Yesterday, TechCrunch broke the news that Google had acquired Twitter sentiment analysis and recommendation engine fflick. Today, YouTube posted its blog that it, a subsidiary of Google, had actually done the acquiring.

According to the post, YouTube will be using the "technical talent, design instincts and entrepreneurial spirit of the Fflick team" in its effort to roll out more features "that help you enjoy and discover new videos to watch."

When the news first came out about Google acquiring fflick, speculation ranged from Google's desire to predict box office hits to using the service to perform analytics. Now, it looks like Electronista's prediction was closer to reality - YouTube will use the service in helping with features like YouTube leanback, which attempts to create a personalized stream of content for users. YouTube explains more in its blog post:

We've always believed that there are great conversations happening all the time off of YouTube.com, and that commentary has the potential to enrich your experience when watching and discovering video on YouTube itself. So today we're excited to announce we've acquired Fflick, a talented team that analyzes social media data to surface great content and the discussions around it.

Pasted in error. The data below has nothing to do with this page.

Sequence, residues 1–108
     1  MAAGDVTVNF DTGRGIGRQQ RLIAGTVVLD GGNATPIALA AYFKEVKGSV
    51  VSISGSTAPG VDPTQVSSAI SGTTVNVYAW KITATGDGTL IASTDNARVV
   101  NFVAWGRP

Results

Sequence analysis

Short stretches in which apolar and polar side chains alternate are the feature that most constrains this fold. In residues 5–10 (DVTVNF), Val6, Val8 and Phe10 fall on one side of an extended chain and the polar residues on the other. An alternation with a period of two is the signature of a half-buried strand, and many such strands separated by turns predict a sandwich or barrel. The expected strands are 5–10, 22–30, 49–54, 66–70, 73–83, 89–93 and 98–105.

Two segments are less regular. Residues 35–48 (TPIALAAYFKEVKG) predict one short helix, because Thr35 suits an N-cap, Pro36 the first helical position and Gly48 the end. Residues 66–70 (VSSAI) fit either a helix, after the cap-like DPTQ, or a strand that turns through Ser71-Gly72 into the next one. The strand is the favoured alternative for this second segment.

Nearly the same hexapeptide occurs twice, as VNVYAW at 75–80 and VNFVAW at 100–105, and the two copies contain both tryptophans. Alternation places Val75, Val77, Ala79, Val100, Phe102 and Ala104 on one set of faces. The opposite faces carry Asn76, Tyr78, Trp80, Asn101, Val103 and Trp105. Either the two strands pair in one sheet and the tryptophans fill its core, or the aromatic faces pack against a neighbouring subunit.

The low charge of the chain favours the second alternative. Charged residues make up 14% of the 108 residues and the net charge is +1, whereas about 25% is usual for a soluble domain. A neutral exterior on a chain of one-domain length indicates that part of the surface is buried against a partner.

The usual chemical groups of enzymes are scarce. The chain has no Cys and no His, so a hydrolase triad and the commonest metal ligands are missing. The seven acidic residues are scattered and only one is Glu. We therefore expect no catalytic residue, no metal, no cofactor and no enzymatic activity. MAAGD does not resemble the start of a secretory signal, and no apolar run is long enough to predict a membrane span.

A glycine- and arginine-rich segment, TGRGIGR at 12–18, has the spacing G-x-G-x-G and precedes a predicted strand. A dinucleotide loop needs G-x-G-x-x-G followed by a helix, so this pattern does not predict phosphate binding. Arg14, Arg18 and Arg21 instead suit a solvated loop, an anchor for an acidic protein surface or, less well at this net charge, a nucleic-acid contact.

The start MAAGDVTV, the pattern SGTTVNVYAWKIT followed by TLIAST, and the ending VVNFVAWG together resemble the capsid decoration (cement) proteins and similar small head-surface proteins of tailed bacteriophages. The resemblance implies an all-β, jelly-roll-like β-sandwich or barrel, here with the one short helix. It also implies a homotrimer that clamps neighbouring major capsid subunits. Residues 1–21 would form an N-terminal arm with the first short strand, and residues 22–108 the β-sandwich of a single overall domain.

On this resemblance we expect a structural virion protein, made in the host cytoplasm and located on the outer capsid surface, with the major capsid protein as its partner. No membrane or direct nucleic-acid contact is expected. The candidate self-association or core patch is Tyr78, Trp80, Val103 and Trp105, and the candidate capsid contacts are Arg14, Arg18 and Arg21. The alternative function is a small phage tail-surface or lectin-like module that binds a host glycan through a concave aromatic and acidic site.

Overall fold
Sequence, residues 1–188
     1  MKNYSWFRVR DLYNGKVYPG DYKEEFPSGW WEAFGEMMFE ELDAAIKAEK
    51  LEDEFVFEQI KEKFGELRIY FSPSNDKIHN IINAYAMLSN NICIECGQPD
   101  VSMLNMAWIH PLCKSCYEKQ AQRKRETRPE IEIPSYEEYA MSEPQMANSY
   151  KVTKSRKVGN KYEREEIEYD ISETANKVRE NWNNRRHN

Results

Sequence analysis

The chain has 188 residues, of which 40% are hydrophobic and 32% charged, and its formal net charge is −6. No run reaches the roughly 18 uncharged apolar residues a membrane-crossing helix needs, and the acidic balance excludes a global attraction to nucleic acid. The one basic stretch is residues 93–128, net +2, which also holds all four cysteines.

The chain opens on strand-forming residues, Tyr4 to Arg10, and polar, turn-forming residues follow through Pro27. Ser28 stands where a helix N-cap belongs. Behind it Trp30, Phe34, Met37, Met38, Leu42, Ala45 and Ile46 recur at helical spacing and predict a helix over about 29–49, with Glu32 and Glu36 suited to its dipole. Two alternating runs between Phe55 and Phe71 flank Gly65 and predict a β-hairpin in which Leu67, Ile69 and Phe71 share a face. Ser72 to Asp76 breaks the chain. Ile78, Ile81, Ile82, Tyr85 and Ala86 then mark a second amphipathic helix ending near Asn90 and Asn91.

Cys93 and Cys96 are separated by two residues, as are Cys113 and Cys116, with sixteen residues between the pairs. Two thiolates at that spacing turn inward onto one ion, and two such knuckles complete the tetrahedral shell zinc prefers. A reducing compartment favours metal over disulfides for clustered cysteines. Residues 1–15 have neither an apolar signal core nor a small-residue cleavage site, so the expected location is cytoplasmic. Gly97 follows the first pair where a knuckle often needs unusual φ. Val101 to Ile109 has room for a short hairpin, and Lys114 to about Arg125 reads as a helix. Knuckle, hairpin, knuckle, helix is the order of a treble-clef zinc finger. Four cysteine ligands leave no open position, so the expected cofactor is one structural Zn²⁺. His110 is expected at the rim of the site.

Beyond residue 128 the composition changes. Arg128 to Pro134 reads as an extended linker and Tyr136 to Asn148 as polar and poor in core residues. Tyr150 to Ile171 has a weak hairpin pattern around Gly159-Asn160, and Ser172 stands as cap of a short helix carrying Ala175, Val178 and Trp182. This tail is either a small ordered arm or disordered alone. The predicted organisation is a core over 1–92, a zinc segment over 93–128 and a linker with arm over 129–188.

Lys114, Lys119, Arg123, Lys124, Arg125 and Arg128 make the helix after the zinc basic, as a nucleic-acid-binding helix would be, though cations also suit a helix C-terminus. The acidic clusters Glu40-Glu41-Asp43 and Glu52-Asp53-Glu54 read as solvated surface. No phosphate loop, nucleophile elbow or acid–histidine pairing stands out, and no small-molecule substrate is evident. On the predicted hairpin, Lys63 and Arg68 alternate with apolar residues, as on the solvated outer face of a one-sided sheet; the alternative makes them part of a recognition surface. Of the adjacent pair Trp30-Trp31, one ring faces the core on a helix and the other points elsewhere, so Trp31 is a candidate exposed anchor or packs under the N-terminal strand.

According to the post, YouTube content is shared around the Internet to the tune of 400 tweets per minute, with "over 150 years worth of YouTube" watched on Facebook every day.

Using a service like fflick, YouTube could harness all of the surrounding commentary and data to better personalize streaming content. Leanback wasn't the only recommendation service launched by YouTube last year. In July, the company also began offering a music recommendation service. Later, in November, it began testing a video recommendation service called "YouTube Topics".

What will we see next, YouTube?